Exposure Therapy and Hierarchies

Social anxiety hierarchies and graded exposure

 It is common for people with social anxiety to engage in safety behaviours and avoidance to minimise the anxiety they feel. Behaviours such as distracting yourself with a phone or avoiding a social event altogether can give immediate relief. However, continuous of avoidance and safety behaviours may mean that social anxiety does not improve and can become worse. By not facing fearful situations negative thoughts about them aren’t challenged. Too much avoidance can decrease quality of life as a result.

People with social anxiety might have situations where they feel only mild anxiety, where their comfort zone can be pushed quite easily to conquer them. However, with more intense anxiety-inducing situations, gradually building up to face them can be useful. Gradual exposure and social anxiety hierarchies can help to break down anxious situations into a step-by-step process. Through this method, confidence and skills can be built in a structured and steady way rather than social anxiety sufferers jumping into the deep end.

Social anxiety hierarchies

Hierarchies are a pivotal part of CBT and behaviour-based therapy. The first step is to list create a list of all situations that provoke social anxiety. The next is give each situation a score for how much anxiety it produces. For example, the groupings below are based on a 0-100 score.

Next the situations are arranged on a hierarchy with the easiest tasks first and the hardest task last.

Then each situation should be broken down further into a series of manageable steps that can be faced. Each step should be listed as specifically as possible, for example, the setting, the number of people around and the time of day.

Some people might feel very anxious about attending an evening social event at a bar with people they are unfamiliar with. In order to build up to doing this, the situation can be broken down into the following steps:

The number of steps in the hierarchy can differ for every individual. The number of steps can also differ for each different situation. Each step of the ladder can be attempted multiple times until the individual becomes confident and is ready to proceed to the next step.

The intention of social anxiety hierarchies

 The intention of social hierarchies is to try and gradually manage the fear felt in anxious situations, starting from easier tasks and building up to harder tasks. Skills for managing anxiety can be built over time and the hope is to end up with a more confident mindset towards the fearful scenario.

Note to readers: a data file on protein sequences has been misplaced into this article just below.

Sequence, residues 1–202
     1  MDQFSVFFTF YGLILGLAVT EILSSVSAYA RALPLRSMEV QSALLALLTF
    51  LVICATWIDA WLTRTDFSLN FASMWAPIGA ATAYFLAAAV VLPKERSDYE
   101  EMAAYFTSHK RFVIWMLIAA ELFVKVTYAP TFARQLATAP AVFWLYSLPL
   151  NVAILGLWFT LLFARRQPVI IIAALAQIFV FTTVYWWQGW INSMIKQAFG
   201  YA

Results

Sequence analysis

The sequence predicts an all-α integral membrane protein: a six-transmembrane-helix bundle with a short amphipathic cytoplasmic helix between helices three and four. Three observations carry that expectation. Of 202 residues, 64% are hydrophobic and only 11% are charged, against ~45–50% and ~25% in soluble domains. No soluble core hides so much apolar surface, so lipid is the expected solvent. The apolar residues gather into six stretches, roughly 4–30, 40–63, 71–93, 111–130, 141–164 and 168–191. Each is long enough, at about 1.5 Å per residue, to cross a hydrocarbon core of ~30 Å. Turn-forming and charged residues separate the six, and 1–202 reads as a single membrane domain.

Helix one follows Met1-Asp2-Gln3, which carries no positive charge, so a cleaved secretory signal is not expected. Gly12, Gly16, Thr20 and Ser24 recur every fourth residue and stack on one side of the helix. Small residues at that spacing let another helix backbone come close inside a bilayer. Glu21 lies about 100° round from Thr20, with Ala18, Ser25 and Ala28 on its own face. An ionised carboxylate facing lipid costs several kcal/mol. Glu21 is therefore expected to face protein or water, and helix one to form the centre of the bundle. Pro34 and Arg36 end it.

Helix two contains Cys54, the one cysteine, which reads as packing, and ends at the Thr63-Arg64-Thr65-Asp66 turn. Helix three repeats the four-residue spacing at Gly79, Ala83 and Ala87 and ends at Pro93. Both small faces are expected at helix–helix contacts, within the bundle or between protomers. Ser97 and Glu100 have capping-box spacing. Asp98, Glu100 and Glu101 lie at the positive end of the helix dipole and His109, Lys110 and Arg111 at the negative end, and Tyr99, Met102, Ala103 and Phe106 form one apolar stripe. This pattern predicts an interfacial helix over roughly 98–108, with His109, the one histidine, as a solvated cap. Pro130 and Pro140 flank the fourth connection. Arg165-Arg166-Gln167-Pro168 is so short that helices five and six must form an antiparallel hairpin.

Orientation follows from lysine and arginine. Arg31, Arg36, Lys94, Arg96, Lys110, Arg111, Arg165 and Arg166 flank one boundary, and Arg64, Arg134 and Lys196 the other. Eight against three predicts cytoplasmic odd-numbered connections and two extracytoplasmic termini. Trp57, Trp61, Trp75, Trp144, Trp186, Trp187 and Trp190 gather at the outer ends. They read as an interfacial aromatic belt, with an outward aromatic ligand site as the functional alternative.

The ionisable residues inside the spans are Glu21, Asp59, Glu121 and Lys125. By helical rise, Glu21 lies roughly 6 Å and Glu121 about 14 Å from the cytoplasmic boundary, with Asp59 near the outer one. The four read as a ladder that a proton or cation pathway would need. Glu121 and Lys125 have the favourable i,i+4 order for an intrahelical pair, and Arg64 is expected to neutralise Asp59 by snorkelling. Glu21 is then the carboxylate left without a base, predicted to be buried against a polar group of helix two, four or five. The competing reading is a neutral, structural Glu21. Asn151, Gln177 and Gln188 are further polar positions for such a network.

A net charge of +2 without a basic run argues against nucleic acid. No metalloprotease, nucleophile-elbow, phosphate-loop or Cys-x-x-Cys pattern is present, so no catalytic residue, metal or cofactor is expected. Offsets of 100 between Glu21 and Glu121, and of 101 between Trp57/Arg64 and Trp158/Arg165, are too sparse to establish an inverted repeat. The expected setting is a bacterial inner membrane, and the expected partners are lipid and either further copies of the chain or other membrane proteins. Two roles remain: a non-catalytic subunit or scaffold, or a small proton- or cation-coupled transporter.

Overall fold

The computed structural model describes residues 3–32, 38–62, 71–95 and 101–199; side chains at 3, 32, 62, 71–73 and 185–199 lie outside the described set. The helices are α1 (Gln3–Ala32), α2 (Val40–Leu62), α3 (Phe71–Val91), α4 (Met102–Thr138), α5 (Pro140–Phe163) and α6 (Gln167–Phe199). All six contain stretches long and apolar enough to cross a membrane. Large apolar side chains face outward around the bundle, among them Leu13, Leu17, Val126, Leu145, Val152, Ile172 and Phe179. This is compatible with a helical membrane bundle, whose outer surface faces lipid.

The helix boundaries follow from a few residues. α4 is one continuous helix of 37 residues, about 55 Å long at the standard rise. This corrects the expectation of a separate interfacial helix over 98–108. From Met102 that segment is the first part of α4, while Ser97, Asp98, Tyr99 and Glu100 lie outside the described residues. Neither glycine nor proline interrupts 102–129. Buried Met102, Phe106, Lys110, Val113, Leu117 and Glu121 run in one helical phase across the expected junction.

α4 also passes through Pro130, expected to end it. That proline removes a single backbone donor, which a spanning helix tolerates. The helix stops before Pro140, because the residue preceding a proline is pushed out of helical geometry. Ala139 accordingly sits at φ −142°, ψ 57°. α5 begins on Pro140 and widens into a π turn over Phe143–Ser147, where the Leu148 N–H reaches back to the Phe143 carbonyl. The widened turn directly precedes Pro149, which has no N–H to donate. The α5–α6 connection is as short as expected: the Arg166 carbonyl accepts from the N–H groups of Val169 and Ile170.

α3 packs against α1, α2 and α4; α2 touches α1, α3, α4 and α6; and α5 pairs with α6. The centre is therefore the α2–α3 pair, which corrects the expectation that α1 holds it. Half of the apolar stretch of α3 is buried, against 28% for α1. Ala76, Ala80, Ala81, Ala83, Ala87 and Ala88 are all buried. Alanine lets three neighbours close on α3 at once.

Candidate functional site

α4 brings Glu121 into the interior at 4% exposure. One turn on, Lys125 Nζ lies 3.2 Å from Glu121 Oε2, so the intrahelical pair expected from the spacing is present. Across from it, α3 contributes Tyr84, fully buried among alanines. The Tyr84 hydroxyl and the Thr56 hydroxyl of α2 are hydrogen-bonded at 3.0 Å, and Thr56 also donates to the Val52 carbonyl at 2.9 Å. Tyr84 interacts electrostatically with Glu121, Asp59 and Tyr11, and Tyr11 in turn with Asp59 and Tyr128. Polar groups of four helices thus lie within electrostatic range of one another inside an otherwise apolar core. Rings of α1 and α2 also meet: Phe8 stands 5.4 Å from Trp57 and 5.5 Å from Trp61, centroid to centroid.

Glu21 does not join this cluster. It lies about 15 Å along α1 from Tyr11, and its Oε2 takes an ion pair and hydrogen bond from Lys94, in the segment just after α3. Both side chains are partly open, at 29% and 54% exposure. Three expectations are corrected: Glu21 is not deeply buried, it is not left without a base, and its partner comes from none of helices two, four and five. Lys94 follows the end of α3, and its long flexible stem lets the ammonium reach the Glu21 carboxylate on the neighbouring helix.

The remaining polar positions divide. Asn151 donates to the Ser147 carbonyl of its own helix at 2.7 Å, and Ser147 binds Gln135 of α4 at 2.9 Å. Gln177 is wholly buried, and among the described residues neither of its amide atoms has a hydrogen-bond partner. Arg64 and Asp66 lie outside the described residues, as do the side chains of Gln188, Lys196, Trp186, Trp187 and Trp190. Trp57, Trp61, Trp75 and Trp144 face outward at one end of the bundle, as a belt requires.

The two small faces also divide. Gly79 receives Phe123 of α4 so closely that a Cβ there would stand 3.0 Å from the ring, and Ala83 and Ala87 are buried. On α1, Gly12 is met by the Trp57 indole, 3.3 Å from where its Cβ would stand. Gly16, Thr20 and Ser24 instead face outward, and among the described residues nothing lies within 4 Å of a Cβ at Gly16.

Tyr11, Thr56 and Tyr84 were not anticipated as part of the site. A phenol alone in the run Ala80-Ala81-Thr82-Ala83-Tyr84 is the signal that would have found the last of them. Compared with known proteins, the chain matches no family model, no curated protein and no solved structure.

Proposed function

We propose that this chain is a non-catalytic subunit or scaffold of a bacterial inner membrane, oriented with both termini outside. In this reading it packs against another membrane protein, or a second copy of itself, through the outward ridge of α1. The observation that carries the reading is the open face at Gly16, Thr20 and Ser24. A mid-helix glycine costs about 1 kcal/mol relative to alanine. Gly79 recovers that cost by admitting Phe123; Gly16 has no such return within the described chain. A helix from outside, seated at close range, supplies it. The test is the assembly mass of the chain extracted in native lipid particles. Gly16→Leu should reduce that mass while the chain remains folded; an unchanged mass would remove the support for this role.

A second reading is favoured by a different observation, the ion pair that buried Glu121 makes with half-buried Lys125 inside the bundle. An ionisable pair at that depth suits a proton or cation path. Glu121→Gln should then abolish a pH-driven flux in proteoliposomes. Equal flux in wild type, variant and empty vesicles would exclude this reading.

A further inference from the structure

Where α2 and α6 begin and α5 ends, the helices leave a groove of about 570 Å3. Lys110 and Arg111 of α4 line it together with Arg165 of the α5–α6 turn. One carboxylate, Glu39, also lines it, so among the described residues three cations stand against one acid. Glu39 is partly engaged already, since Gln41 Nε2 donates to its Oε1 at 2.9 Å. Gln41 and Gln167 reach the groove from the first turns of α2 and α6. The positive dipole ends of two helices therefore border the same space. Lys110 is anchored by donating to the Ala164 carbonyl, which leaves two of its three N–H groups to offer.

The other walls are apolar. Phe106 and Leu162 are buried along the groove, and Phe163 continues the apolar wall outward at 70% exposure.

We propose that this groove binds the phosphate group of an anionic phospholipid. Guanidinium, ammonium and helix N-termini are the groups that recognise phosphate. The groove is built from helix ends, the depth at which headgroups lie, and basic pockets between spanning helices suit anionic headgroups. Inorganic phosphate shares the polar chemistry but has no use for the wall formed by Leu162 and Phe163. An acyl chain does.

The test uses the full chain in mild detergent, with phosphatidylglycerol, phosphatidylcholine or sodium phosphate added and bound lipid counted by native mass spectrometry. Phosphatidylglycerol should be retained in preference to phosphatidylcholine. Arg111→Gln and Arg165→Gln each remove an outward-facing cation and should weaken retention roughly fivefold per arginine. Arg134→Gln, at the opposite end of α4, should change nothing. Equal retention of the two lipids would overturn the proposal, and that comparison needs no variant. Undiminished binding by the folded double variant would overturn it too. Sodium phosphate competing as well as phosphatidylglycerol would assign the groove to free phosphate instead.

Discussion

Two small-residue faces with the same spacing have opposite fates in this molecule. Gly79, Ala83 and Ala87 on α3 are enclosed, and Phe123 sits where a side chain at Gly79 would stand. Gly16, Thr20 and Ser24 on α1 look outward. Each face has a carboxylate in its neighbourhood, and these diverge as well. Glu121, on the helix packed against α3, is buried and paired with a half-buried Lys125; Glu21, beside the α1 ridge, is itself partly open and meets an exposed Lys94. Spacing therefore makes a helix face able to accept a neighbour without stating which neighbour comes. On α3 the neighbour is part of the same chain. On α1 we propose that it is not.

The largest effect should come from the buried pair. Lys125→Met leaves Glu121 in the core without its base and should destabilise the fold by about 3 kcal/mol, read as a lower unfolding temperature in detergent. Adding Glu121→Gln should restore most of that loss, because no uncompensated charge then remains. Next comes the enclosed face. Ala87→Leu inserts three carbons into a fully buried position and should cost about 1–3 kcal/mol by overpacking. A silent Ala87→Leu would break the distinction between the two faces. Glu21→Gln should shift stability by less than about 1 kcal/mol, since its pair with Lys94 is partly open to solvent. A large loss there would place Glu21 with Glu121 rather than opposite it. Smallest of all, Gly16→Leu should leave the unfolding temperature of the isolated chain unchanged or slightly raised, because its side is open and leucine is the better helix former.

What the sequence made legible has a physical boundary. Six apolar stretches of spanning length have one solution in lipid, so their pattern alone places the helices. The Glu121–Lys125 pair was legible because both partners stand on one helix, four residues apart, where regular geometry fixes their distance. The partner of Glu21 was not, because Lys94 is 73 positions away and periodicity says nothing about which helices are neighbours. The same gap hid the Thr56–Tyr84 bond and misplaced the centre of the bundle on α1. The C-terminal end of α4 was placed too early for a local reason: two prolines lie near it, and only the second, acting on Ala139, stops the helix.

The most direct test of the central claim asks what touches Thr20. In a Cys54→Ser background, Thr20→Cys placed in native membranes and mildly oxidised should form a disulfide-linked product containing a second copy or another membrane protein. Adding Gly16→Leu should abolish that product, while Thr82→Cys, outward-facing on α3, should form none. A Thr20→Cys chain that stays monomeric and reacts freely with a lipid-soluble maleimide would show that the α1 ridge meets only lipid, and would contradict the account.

Sufferers of social anxiety can use techniques such as breathing exercises, mindfulness and focusing outward rather than inwards to help with the physical symptoms of anxiety during every task. The steps can also help challenge negative thoughts that have built up about the situation.

By facing anxious situations gradually, we aren’t overwhelming ourselves by jumping in at the deep end. We are creating momentum and moving on to tougher steps, and applying skills step-by-step to eventually confidently face a situation that was previously very anxiety-inducing.

It’s suggested that individuals don’t rush, and ensure they become comfortable and relaxed at each stage before progressing to the next. If a step becomes too overwhelming, they can return to a lower step to build on their skills of managing their anxiety. Steps can be repeated and practised multiple times. The number of repetitions varies from person to person.


  • With gradual and repeated exposure, anxiety and fear can decrease over time
  • Those who have social anxiety can learn that some situations don’t pose a threat
  • People with social anxiety can explore and understand their fear and replace their fear response with more helpful thoughts and beliefs in a gradual way
  • Eventually they can start to believe in themselves and think that it is possible to manage their social anxiety

Things to consider

  • Doing steps in the social anxiety hierarchy may be challenging and uncomfortable
  • Anxiety should be expected but it might be helpful to r­emind yourself that anxiety is a biological response to keep us safe
  • It would be helpful to stay involved and aware while undertaking in exposure steps. Try to avoid using safety behaviours or being unaware, for example by being inebriated
  • Exposure therapy and hierarchies can be challenging as social situations are dynamic, people can join or leave a planned situation causing all your plans to change.
  • Celebrate each step you work on and treat yourself with patience and kindness

Coping with setbacks
Even as you begin to make progress it is likely that setbacks – and recurrences of intense social anxiety – may happen at times. Even a well planned “behavioural experiment” may be scuppered by unexpected circumstance. Coping with setbacks, allowing time to pass and trying again are all parts of the journey to getting better.


Overcoming social anxiety is not quite as simple as just “Face your fears and they’ll go away”. We, as people with social anxiety, have constantly faced our fears – we’ve had to – and often the fear remains. Getting better works best as part of a comprehensive cognitive-behavioural approach. Be gentle with yourself and see our pages on “Roadmap to Making Progress“.

Further reading/YouTube videos